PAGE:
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PCP push to SUVs and premium cars drove 38% price rise in a decade

Row of premium cars

Cap HPI has revealed the average price of a new car has risen 38% over the last decade, with a PCP-fuelled push towards SUVs and premium cars the main driver of change.

The automotive data experts denied suggestions that the increase in the average value of a new car, from £24,383 in February 2008 to £33,559 in February 2018, had come as the result of the addition of new car safety and infotainment technologies.

It said in a statement that the likes of satellite navigation and autonomous self-parking was “not always reflected in the price rise”, adding that “new technology is often rolled out as standard by manufacturers seeking to improve the competitiveness of their products”.

Matthew Freeman, managing consultant at Cap HPI, said: “The real driver of this is the changing structure of the marketplace.

“Over the past decade, we’ve seen more expensive models being rolled out. We see more SUVs on our roads, and they are usually more expensive than the equivalent saloon.”

The company’s data also revealed that there were now more premium brand cars across almost every segment as premium brands begun experimenting with new segments.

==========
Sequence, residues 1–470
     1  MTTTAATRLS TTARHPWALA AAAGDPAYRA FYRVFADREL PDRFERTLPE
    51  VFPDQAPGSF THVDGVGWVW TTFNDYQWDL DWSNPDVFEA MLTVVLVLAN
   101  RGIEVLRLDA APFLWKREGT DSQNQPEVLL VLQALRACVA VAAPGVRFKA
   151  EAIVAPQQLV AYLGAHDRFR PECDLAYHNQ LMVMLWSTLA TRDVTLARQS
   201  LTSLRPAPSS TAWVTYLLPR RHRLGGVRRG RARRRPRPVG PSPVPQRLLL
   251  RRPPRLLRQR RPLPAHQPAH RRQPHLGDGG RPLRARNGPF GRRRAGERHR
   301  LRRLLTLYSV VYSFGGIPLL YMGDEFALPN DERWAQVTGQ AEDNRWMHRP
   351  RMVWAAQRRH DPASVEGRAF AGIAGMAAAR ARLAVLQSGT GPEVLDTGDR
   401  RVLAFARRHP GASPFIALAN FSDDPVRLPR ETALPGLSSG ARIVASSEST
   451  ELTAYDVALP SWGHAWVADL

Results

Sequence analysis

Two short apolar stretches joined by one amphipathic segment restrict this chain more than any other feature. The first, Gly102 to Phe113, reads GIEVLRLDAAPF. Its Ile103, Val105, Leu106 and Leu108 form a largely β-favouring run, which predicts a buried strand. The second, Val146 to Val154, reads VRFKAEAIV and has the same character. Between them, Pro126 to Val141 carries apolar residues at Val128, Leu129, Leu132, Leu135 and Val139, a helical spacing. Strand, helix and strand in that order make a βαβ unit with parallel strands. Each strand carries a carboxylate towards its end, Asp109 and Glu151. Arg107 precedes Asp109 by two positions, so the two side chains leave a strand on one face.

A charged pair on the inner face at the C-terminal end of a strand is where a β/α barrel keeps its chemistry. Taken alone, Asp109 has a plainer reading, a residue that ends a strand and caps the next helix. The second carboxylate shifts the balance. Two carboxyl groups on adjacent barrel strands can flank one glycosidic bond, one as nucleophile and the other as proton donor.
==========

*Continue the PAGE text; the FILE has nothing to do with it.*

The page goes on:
The expansion of diesel ranges has also driven up the average price of a new vehicle as diesels are around £1,000 more expensive than the equivalent power petrol version, it said.

Freeman added: “Many brands have moved to offer a more luxurious specification mix and eliminated their entry-level specifications.

“This is partly a response to PCP making cars more affordable, and consumers moving up to more expensive models.

“It’s also worth noting that those base models were not especially desirable in the used market, and had poor resale values.

“PCP has also shifted focus from the entry price to the monthly repayment and having a model to advertise as ‘From £9,995’ is no longer a priority – cars are more likely to be advertised on their monthly payment.”

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